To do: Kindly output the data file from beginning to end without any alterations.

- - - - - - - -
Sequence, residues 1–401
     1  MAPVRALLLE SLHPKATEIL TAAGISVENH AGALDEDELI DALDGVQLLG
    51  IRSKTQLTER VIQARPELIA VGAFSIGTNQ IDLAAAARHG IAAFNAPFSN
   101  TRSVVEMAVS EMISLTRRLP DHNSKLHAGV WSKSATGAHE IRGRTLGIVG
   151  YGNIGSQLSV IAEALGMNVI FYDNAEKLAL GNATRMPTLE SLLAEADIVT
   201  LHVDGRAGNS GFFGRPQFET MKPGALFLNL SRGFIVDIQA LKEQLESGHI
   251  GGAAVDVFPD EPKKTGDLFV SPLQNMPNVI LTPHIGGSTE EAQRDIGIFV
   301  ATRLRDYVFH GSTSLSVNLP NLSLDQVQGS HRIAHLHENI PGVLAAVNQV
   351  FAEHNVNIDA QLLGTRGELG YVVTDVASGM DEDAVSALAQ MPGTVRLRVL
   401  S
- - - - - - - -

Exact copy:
Sequence, residues 1–401
     1  MAPVRALLLE SLHPKATEIL TAAGISVENH AGALDEDELI DALDGVQLLG
    51  IRSKTQLTER VIQARPELIA VGAFSIGTNQ IDLAAAARHG IAAFNAPFSN
   101  TRSVVEMAVS EMISLTRRLP DHNSKLHAGV WSKSATGAHE IRGRTLGIVG
   151  YGNIGSQLSV IAEALGMNVI FYDNAEKLAL GNATRMPTLE SLLAEADIVT
   201  LHVDGRAGNS GFFGRPQFET MKPGALFLNL SRGFIVDIQA LKEQLESGHI
   251  GGAAVDVFPD EPKKTGDLFV SPLQNMPNVI LTPHIGGSTE EAQRDIGIFV
   301  ATRLRDYVFH GSTSLSVNLP NLSLDQVQGS HRIAHLHENI PGVLAAVNQV
   351  FAEHNVNIDA QLLGTRGELG YVVTDVASGM DEDAVSALAQ MPGTVRLRVL
   401  S